How automatically we assume that winning must be a zero sum game: If someone wins, someone else has to lose. We assume this is the purpose of competition. But the goal of competition is not necessarily winning, Competition is our straining for excellence in the presence of others. It’s pounding out stamina, chasing down resilience, pursuing strength and gasping for courage.

Beardsley and Simonsen were equally great competitors.

I find the mysterious Spirit here in two moments. The first is Dick’s and Inge’s implicit realization that competition doesn’t require a loser. Everyone’s assumption echoed the announcer’s intoning, “Someone must take the race.” But Spirit—however we define Spirit—reframes this contest in their minds and substitutes a win-win model.

Neither suggests it. Neither one floats the possibility for them to discuss along the route. But somewhere they each see it, a different way to win, and that new image or new possibility begins to inspire their race.

Then comes the mysterious moment. Neither one speaks. They don’t even look at each other. Each man reaches out his hand. At the same time.

In their simultaneous clasping hands, Beardsley and Simonsen each surrender, in a sense. Each one surrenders his hope to stand alone on the winner’s podium. But their shared surrender makes for a shared victory. Theirs was concession and triumph at the same time.

That’s a basic conversion theme for Christians and alcoholics and lots of others of us: Surrender leads to victory. When we surrender ourselves and our individual dreams of glory, we discover a much greater victory: Sobriety. Salvation. Honor. Self-respect. Character. Love.

Our political leaders need to embrace this story. So do we in squabbling marriages, antagonistic organizations, conflicted congregations, argumentative families, and bickering boardrooms. We might watch for that glimpse – listen for that whisper – and welcome a more selfless way to lead.

I hope you see it – or hear it – or reframe it yourself. And then, reach out! Risk an offered hand. In the days ahead – Let the Spirit move within you. Our entire nation needs it, now more than ever.

Yours in faith,

Larry

Click the cover to visit the book’s Amazon page.

From Lucille Sider: ‘You are not alone.’

This entry is part 1 of 5 in the series Letters to America

From LUCILLE SIDER
Author of ‘Light Shines in the Darkness’

Dear Friends,

You are not alone.

In four words, that is my message today—and it is such an important truth for all of us to accept and embrace.

A lot of people I know are truly struggling. For the first time in their lives, they wake up with depression—mild though it may be for many people. We’ve been living with this pandemic for a long time already and we have many, many months to go. We’re realizing that we will never return to life as we have known it—and that is very frightening.

Living in the pandemic is truly exhausting, because we have to continually make decisions about how we should respond.
Dare we meet a friend for lunch?
Must we sit outside even though the weather may not cooperate with our plans?
What about the children we have not seen—for months now? We missed their birthday parties and we just want to take them out for ice-cream as we have always done.

Click the cover to visit the book’s Amazon page.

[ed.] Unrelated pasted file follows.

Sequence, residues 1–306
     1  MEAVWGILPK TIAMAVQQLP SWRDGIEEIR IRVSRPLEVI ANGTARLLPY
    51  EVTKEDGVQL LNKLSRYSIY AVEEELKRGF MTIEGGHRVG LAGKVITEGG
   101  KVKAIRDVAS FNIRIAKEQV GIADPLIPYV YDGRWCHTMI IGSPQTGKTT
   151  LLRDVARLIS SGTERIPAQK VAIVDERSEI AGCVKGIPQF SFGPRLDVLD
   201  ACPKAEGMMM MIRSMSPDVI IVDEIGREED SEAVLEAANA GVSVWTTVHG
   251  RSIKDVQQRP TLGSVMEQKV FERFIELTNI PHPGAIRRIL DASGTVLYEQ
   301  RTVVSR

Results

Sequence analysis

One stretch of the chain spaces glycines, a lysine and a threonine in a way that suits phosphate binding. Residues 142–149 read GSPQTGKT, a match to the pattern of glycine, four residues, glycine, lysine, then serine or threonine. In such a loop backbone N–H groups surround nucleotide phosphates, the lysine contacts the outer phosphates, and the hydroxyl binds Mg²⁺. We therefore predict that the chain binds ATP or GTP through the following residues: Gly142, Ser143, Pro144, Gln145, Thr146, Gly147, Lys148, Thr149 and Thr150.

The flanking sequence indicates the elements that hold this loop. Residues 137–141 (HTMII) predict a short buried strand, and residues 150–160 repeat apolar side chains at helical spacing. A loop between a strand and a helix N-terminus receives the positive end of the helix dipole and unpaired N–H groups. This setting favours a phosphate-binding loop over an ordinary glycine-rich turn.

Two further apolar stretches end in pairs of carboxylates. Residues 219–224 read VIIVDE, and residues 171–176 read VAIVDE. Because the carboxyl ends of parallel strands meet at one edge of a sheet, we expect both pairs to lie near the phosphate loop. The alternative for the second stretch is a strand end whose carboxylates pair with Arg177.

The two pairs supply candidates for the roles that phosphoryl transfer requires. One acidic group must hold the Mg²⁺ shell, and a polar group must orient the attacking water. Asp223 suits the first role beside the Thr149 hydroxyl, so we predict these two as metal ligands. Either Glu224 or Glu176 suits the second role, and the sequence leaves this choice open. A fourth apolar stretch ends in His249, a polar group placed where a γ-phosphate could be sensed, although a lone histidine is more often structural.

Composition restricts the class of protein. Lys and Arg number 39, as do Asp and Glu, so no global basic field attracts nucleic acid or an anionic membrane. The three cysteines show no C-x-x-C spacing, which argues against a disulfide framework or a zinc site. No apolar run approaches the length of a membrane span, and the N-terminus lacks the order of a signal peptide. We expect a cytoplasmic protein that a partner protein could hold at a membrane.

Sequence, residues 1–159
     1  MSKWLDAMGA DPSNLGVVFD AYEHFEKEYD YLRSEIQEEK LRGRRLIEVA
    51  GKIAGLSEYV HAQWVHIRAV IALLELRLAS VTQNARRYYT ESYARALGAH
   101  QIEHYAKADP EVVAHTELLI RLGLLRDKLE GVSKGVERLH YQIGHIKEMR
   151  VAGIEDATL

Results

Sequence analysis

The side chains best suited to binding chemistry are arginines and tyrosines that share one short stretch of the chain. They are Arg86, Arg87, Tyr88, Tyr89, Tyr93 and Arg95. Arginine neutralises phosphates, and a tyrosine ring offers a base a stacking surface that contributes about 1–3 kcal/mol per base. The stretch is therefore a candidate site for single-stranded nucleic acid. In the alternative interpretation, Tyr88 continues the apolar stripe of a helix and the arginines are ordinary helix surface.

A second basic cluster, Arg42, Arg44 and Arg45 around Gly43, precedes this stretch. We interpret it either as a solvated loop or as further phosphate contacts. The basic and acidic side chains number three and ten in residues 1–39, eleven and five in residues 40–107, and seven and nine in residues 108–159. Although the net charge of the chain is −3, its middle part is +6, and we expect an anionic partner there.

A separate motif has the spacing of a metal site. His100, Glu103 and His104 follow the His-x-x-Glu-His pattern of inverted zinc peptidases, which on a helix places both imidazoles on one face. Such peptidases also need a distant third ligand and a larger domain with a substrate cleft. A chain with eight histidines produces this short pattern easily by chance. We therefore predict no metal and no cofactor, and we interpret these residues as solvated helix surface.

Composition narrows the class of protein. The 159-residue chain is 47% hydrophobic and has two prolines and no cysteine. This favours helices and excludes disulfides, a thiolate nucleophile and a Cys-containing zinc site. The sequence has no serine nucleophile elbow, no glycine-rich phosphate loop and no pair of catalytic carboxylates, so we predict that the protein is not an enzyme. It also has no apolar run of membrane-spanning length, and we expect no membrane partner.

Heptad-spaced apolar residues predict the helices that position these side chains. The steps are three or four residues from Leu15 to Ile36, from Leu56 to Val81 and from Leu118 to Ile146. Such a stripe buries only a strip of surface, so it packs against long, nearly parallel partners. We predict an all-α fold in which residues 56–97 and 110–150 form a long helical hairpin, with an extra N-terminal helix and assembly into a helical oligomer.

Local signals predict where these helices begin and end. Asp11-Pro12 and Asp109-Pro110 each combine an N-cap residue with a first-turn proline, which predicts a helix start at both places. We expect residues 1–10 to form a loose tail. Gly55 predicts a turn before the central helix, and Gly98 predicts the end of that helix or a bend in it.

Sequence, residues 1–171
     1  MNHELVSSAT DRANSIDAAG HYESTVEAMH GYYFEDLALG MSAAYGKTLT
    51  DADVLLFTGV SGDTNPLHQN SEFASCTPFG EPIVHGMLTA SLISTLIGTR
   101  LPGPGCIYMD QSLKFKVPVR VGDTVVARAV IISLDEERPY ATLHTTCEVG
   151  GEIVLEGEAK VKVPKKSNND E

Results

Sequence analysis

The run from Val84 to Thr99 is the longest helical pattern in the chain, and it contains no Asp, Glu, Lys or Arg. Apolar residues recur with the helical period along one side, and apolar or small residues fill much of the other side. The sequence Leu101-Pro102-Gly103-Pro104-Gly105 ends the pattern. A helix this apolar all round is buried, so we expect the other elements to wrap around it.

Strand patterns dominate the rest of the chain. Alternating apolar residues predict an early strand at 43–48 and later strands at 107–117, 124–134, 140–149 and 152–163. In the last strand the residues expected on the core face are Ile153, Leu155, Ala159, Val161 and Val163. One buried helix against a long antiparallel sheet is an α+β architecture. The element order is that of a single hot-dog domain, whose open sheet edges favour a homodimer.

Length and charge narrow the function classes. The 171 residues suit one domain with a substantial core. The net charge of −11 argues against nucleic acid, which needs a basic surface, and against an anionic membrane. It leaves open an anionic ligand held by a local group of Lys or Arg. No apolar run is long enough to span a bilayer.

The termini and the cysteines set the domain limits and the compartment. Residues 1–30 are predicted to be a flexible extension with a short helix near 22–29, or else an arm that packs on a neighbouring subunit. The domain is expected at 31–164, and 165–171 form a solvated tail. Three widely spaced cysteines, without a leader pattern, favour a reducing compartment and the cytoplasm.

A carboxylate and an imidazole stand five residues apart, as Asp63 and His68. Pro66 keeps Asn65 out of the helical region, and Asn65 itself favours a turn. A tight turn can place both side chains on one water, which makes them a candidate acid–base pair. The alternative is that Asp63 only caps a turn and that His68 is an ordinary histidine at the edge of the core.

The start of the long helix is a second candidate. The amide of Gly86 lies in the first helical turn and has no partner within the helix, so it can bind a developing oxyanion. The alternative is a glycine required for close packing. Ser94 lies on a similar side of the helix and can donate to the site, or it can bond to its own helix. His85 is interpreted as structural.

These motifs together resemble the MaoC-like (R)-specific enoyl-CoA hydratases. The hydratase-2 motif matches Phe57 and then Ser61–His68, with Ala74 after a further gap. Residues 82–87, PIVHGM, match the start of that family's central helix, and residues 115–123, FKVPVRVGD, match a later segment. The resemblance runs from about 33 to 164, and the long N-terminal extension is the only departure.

And our beloved seniors are so vulnerable whether in their own homes or in a retirement home. We notice that some are quite depressed and we’re trying to do our part in reaching out to them.

We find ourselves struggling with depression as well. We just feel exhausted even though we are not doing much. We’re trying to do our exercises or walk faithfully but we get no pleasure out of it. We’re reading but are having trouble focusing. We’re sick of watching TV.

And oh—we miss the chance to worship with our congregations. We miss that so much! We miss singing. We miss passing the peace and touching base with all those dear folks. Many of us miss communion—going forward and receiving the bread and wine. We long for “coffee hour,” the time to catch up with friends and to reach out to newcomers or chat with the children who are all growing like perfect little weeds.

Our pastors have brilliantly devised ways to keep us all in touch. We’re so grateful, but we are tired of all the distance and limitations. Zoom, which seemed so magical at first, is so limiting.

And there is one more very serious concern I have and that is about sexual abuse. You may have heard that during this time of isolation in our homes sexual abuse is increasing. Victims are often stuck in their homes with abusers. They do not have the usual outside contacts to report the abuse. They seldom see teachers, doctors or clergy.

Dear friends, if you know of a situation where sexual abuse is occurring—please reach out. You can contact a clergyperson, a teacher, social worker, doctor or trusted neighbor. Or you can contact RAINN (Rape, Abuse and Incest National Network). RAINN ) RAINN works with 1,000 sexual assault providers across the nation. Their number is 800-656-HOPE.

You can reach out to me, if you would like me to make a Zoom appearance to talk with your small group or circle of friends about the wisdom I’ve tried to share in my book Light Shines in the Darkness. I am available as we have said before in this online magazine. Just email [email protected]

I wrote this letter today to remind all of you: Wherever you are and whatever you are facing—there is HOPE.

You are not alone.

Blessings to you.
Lucille